New SBA Guidance Addresses PPP Loan Concerns

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The Small Business Administration (SBA), in consultation with the Department of Treasury, released additional frequently asked questions this month to address issues raised by borrowers and lenders regarding Paycheck Protection Plan (PPP) loans. These loans were enacted under the Coronavirus Aid, Relief, and Economic Security (CARES) Act in March. Two concerns clarified in the new guidance are of special interest to the many businesses who received these loans.

 

Good faith certification of necessity of loan requests

 

When a PPP application is submitted, a borrower must certify that the current economic uncertainty makes the loan request necessary to support the ongoing operations of the borrower. The new guidance addresses how the SBA will evaluate this good faith certification.

 

The SBA has determined that any loan with a principal amount of less than $2 million (including loans of all affiliates of the borrower) will be deemed to have been made in good faith. This safe harbor will protect borrowers less likely to have other sources of liquidity and enable the SBA to focus its review on larger loans with greater potential audit results.

 

For loans exceeding $2 million, if upon examination the SBA determines that the borrower lacked an adequate basis for the required certification, the borrower will be ineligible for any loan forgiveness. Further, the SBA will seek repayment of the loan balance. If the amount is repaid after the borrower receives notification from the SBA, no administrative enforcement or referrals to other agencies will be made.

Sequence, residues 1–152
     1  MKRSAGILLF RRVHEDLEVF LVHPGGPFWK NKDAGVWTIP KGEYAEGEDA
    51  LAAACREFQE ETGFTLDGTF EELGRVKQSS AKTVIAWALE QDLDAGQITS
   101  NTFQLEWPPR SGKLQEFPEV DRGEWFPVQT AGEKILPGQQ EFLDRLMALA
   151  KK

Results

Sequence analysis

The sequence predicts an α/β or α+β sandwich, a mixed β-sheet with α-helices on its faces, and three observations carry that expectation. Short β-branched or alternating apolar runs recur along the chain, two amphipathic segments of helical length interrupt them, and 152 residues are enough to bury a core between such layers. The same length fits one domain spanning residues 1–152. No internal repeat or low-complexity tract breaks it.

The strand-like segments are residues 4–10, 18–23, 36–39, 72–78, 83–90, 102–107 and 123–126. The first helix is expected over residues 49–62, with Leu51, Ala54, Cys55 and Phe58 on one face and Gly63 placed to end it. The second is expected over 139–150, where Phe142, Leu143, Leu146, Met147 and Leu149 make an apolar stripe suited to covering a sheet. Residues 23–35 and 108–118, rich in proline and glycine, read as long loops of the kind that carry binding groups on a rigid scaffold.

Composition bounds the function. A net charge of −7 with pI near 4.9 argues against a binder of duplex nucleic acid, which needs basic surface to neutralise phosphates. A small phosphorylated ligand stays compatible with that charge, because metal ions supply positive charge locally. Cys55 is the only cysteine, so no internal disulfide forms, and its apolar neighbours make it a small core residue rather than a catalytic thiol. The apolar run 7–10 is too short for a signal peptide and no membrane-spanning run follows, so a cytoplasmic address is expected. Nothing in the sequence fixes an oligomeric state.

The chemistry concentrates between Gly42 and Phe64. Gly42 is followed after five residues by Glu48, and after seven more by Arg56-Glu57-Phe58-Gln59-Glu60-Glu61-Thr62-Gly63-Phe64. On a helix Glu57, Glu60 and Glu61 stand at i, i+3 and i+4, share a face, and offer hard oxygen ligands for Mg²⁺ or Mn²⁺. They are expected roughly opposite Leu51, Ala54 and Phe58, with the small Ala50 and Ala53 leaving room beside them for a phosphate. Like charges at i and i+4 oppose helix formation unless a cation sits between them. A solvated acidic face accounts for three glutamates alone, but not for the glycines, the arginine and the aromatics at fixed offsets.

Effect on loan forgiveness when employees decline an offer to rehire

 

PPP loans may be forgiven in whole or in part when businesses rehire employees who had been furloughed or laid off due to COVID-19. One provision requires a reduction in the loan forgiveness amount to the extent employees who were let go in the crisis are not rehired by certain dates. Borrowers wondered if they would still be penalized if they offer to rehire an employee, but that employee declines the offer to return.

 

If a borrower makes a good faith written offer of rehire and documents an employee's rejection of the offer, the employee's departure will not adversely affect the borrower's loan forgiveness amount. The offer must have been made for the same salary or wages and the same number of hours as the employee had received previously. Both parties should be aware that an employee who rejects an offer of reemployment may forfeit continued eligibility for unemployment compensation from the state.

 

During this crisis, your LMC professional is available if you have questions related to the latest updates on this topic.  All our prior Alerts are available on the Updates page of our website.

 

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